March 25, 2012 3 Comments
Big Trouble in Little China is another one of those goofy 80s films that you’re presently assuring yourself has no deeper relevance. You’re smugly saying, “Oh come on Jay, seriously? Another 80s esoteric analysis of something completely silly, like BTILC?” Well, dear reader, let me assure you of your error, and further promise to deliver juicy esoteric tidbits to sate your hunger as you journey on. Consider the opening scene that Fox mandated be added (where Egg Shen recounts the adventures of Jack Burton). The actor is Jerry Hardin who played “Deep Throat” early on in the X-Files. Interestingly, the ambiguous government agent played here is similar to Deep Throat. What is also interesting is the obelisk on the desk behind him, initiating the viewer into what will be an occult journey.
Egg Shen reveals that the tale ahead will be one of Chinese “sorcery and black magic.” As proof, Egg Shen offers typical 80s blue lightning, of the Force variety. According to IMDB, the Chinese script in the beginning title sequence reads, “Evil spirits make a big scene in little spiritual state,” meaning the film will feature the primeval ancient religious tradition of the higher aeons or gods incarnating themselves in lower, visible, solid forms. This is almost universal in ancient cultures, from Greece and Rome, to China, and lends credence to the view that polytheism and monotheism come from a single religious tradition, as described in Genesis 1-12.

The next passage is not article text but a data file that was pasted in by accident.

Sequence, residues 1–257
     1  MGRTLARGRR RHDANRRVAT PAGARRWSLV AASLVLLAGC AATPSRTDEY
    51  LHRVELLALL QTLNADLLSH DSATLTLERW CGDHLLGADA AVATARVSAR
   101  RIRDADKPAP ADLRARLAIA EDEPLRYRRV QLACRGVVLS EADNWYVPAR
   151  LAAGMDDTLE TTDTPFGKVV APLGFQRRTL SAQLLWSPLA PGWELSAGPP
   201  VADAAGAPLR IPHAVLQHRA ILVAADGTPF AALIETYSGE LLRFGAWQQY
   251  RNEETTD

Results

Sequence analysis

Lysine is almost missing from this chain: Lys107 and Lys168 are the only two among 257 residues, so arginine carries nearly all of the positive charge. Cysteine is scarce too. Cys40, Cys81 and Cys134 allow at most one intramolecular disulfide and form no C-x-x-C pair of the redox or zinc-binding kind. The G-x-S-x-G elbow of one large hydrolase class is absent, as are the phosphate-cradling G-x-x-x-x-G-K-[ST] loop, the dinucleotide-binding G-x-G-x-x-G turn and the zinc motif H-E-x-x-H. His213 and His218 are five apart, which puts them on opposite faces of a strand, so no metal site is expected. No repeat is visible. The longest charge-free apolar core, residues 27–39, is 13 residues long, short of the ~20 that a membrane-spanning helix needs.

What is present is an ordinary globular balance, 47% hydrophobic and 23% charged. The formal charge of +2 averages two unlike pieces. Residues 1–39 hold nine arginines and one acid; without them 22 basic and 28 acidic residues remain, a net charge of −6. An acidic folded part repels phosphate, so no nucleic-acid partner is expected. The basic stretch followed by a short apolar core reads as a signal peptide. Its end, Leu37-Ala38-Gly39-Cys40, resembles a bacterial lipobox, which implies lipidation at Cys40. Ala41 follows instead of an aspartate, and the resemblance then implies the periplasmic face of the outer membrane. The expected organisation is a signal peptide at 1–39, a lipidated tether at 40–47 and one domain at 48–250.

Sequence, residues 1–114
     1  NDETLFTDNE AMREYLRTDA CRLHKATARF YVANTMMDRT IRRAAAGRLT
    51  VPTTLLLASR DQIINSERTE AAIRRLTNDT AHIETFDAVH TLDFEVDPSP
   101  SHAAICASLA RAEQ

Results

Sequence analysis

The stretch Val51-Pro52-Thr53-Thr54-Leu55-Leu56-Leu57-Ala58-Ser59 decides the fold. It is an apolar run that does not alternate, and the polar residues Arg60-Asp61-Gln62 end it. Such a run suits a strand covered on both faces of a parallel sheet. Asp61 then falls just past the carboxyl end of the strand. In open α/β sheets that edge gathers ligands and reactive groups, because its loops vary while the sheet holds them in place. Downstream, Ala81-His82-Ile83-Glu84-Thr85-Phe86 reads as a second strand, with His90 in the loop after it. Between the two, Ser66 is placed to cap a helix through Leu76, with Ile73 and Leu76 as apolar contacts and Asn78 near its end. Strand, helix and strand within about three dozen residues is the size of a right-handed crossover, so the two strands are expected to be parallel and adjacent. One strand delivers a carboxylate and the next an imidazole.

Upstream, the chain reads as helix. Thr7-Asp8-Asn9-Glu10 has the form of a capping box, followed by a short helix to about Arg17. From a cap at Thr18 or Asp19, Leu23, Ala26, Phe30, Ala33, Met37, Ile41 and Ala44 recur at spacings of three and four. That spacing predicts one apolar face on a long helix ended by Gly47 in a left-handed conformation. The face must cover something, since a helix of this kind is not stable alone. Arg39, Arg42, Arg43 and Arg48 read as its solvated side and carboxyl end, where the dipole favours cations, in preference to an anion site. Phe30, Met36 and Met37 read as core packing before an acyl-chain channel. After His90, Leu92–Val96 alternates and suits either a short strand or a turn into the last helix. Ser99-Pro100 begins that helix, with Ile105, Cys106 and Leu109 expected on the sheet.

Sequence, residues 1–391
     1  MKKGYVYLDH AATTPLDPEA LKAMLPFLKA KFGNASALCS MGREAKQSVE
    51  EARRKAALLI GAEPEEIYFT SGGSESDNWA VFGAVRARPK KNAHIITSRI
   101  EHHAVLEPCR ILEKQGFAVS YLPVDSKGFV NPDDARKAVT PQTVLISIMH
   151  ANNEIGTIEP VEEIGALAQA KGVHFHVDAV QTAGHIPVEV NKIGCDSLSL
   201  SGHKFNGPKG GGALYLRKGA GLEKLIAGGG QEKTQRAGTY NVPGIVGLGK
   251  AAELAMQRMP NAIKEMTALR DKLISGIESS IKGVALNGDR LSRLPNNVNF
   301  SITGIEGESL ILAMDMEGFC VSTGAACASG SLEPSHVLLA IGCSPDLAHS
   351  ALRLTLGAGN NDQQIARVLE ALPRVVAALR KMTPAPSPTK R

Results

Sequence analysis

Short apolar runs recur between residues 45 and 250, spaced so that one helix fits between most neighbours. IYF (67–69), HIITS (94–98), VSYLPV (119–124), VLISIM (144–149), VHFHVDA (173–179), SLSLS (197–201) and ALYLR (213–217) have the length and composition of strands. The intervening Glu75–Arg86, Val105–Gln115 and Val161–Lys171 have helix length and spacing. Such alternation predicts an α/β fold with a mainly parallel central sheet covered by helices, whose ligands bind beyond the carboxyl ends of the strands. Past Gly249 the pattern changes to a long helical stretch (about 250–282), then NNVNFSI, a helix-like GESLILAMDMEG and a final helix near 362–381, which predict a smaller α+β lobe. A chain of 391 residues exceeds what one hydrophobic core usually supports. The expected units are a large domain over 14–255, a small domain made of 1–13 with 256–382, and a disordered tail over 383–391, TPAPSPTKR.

Note also that Egg Shen conceives of the usage of good and evil magic by both sides. Magic, in this view, may be used by the dark side and the light side, in what the dualistic scheme of most world religions views as the ultimate template for all reality. Eastern religions in particular have this dualistic focus, with the binary opposition never being transcended in this life, apart from “enlightenment” that results in some kind of dissolution or absolving into “pure being,” “thusness” or “nirvana,” or some state of being beyond the present world, which is often identified as “evil” and the domain of the fallen spirits and demons. The problem with this type of worldview is that it is self-defeating and contradictory. It claims to seek transcendence of the material and of all binary opposition, but its answer is to seek it in absolute impersonality. Since particularity and form in this world are the sources of “evil,” all particulars must dissolve. The result is monism and collectivism, and the history of eastern cultures demonstrates this enslavement clearly. Read more of this post